At a certain point each ops asks: «Who am I ?», «Why am I here ?» and «What shall I do ?» and this causes controversy and debates. At one point, you have current tasks that needs to be done, at another point – logical and coherent DevOps architecture. In my opinion, logic is present in both things, thats why we need to pull into a history of the rise of DevOps culture.
Imagine that you have a business in developing some software. In such case you have some internal teams that are working on developing different components and services. Different teams act in a different way regardless of language/framework. Someone wants to use particular architecture solutions and others don’t have such an opportunity due to product specifications. In my reasoning, I take as a starting point the fact that all teams have different tasks and try to make them as accurate and simple as possible.
After a while it becomes clear that the teams, even if they solve different problems, face the same or similar problems. The solution of some of them will be the same regardless of the service.
Accordingly, business thinks in such a way: if it is possible to single out something in common, then it is possible to form a department of people who will only deal with this and take advantage of it.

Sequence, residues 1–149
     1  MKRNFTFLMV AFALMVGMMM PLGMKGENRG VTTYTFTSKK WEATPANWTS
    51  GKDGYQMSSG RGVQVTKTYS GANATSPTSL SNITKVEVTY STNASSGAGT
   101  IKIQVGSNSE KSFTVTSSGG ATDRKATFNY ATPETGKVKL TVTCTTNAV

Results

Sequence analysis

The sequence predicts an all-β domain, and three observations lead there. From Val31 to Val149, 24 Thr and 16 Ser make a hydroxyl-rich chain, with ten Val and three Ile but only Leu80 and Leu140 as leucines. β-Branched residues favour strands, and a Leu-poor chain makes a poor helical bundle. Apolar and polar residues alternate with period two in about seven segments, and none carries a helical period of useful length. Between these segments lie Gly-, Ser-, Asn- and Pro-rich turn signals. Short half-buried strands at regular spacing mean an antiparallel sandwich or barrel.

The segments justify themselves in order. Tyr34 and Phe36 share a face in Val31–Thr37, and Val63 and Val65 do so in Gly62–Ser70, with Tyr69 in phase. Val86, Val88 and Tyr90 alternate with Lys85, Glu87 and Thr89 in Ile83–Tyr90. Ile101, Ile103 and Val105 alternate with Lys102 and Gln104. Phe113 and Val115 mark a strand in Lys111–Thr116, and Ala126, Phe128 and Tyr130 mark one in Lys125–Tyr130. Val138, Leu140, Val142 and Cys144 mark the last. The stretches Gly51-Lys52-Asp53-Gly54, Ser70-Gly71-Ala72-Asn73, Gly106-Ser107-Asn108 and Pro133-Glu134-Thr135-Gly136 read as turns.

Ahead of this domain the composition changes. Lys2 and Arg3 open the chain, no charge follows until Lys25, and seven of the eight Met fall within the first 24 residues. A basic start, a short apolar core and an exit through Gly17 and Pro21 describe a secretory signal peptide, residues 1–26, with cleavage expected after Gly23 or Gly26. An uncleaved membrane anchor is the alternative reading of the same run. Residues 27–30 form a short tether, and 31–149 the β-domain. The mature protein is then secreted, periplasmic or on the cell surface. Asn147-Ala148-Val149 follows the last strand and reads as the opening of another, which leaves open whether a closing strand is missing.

Savings on the difference in the cost of work
If we have an expensive developer, whose rate is $70/hour then why should he do the work that a man can do at a cost of $35/hour? If it is possible to allocate all low-paid and simple work – it is possible to save much money.
In addition, an expensive developer will perform complex and challenging tasks that he is interested in – and cheap ops will perform simple, which are not of interest to the developer.
Savings on inactivity
If there are people inside the team who are engaged only in ops-tasks, then they will have an idle time until the team generates new tasks.
By uniting people in the general department, you can «distribute» them into several teams and benefit from it.
Savings on expertise
If there are tasks common to everyone, then different departments still come to about the same solutions. Development of expertise in several teams is always more expensive than containing several experts who will solve the problem both faster and better.
In addition, having several experts in rotation, you can not be afraid that someone will become irreplaceable simply because no one else can update the tricky setup.